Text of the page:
While new launches and discounts saw the passenger vehicle sales growth hit a five-year high of 7.24% in FY16, auto industry body Society of Indian Automobile Manufacturers on Friday projected a lower growth of 6-8% for the current fiscal on the back of an unfavourable environment around diesel vehicles and higher taxation due to the infrastructure cess ranging from 1-4%. The projection has been revised downwards from an earlier estimate of 11-12%.
Elaborating on the cut in forecast, Sugato Sen, deputy director general, SIAM, said that the earlier forecast of 11% was based on (economic) models, while the new forecast is mainly a consensus estimate of industry players.
The passenger vehicle industry has expressed concern and disappointment over the increased taxes in the form of an infrastructure cess ranging between 1% and 4% depending on the vehicle as well as uncertainty over the Supreme Court-imposed ban on registration of diesel vehicles with engines over 2000 cc in the national capital region. Sen said that automobiles have become the highest taxed manufactured product. “Additional tax in this Budget dampened sentiment further. Investments on capacity expansion are getting impacted,” he said.
Expressing similar concerns, Maruti Suzuki India chairman RC Bhargava said that an unstable policy regime affects all car-makers. “We do not like frequent changes, in the way government and any other body looks upon what automobile industry should do today and tomorrow. It changes (today) and day after it changes again,” Bhargava told reporters on the sidelines of an event.
Sen also said that many customers are reconsidering their decisions to buy diesel vehicles in the wake of the Supreme Court ban.
According to Rakesh Batra, partner and national leader, automotive sector, EY, “During FY17, the passenger vehicle market is likely to see a muted growth in the first half as a result of an increase in vehicle prices (on the back of higher taxes announced in the Union Budget). However, the market is expected to gather steam in the second half of the financial year due to improving economic environment and a likely reduction in auto loan rates (as banks pass on the interest rate cuts to customers) to close the year with an 8-11% growth.”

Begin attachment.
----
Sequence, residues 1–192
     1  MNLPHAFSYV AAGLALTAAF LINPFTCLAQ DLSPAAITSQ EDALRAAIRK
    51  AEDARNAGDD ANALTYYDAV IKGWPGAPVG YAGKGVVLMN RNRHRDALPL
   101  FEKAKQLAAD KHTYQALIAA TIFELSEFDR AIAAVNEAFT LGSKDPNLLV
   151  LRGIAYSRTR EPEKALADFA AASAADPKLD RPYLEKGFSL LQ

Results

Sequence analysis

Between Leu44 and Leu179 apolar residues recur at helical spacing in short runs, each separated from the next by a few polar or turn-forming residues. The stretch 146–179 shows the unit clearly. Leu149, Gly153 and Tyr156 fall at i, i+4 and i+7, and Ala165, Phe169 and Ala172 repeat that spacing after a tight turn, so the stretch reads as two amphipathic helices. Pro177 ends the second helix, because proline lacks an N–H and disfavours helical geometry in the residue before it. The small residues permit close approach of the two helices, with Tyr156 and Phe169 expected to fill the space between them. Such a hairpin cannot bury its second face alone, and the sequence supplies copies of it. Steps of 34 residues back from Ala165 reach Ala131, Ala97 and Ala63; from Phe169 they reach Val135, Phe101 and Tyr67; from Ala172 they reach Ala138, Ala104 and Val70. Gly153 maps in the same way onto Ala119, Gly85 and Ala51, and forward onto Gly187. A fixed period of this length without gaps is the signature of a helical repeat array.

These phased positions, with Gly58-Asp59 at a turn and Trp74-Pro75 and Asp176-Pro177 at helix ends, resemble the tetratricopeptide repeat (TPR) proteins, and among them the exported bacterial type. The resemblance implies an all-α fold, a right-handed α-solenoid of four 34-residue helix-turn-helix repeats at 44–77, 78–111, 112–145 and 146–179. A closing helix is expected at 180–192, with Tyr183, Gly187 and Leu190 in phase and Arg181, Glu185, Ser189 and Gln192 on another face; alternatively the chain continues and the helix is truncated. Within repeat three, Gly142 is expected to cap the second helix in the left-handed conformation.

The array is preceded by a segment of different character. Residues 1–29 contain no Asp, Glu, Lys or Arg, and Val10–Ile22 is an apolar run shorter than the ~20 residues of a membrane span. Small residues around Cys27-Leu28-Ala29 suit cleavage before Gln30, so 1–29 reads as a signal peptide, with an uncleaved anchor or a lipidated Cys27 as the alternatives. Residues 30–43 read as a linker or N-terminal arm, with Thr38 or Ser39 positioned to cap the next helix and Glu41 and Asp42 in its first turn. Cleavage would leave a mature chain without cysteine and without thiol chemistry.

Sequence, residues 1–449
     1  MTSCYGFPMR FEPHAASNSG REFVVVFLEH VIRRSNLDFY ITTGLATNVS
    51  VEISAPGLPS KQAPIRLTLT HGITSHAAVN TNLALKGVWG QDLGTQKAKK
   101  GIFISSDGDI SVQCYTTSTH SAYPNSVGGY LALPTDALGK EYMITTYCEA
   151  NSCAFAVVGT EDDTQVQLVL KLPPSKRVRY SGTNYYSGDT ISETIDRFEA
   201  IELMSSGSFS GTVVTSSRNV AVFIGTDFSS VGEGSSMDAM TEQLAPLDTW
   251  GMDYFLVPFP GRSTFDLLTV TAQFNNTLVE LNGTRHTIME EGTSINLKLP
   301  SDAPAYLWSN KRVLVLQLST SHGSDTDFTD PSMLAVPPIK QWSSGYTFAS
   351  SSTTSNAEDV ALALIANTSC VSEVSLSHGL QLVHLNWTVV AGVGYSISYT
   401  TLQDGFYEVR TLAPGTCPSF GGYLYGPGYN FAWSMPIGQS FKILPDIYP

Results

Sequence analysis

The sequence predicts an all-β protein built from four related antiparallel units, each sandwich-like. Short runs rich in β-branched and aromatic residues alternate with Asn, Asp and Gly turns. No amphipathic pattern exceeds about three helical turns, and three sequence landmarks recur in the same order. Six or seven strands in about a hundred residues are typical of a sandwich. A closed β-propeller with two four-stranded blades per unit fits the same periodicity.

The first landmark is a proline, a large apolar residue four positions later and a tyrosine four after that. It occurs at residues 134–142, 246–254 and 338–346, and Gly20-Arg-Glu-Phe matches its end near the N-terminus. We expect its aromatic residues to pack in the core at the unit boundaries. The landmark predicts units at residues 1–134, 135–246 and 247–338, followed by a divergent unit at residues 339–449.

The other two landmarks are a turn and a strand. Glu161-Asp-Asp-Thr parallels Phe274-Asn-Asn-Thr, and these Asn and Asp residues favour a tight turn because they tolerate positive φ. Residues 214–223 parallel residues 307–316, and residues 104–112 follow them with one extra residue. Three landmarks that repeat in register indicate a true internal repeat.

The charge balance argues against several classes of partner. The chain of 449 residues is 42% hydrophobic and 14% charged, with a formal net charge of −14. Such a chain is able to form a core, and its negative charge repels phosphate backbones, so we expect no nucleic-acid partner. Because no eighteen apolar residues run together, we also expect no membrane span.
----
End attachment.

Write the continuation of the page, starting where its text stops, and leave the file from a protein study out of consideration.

As far as FY16 is concerned, the market witnessed a fragmented growth largely driven by new model launches, lower fuel prices and declining interest rates. Rural demand was sluggish on account of adverse economic conditions which proved to be an inhibitor. The vehicle segments that drove overall market growth included passenger cars, medium and heavy commercial vehicles and scooters, while light commercial vehicles and motorcycles pulled down the sales growth.
The uncertainty due to the diesel ban would hit the investment decisions of OEMs, component manufacturers as well as dealers, analysts said. “The impact will be the highest for manufacturers — it would influence the investment decisions. While they may not have a preference of a fuel type or engine capacity over the other, they would want to have clarity as to the long-term position. Not just the OEMs but also the component manufacturers and dealers are required to make investments based on what the market is expected to consume over a long period of time,” Kumar Kandaswami, senior director, Deloitte in India, said.
SIAM’s Sen highlighted that the industry is facing a challenge in the form of unutilised capacities. “Demand is reviving slowly. The profitability for most of the companies continues to be negative. Industry is operating at less than 60% capacity utilisation for more than three years leading to companies losing confidence in Indian market,” he said.
However, SIAM is expecting pick-up in passenger vehicle sales in the second half of the fiscal. The optimism is based on the Seventh Pay Commission payouts along with competitive price offerings by carmakers in the utility vehicle segment.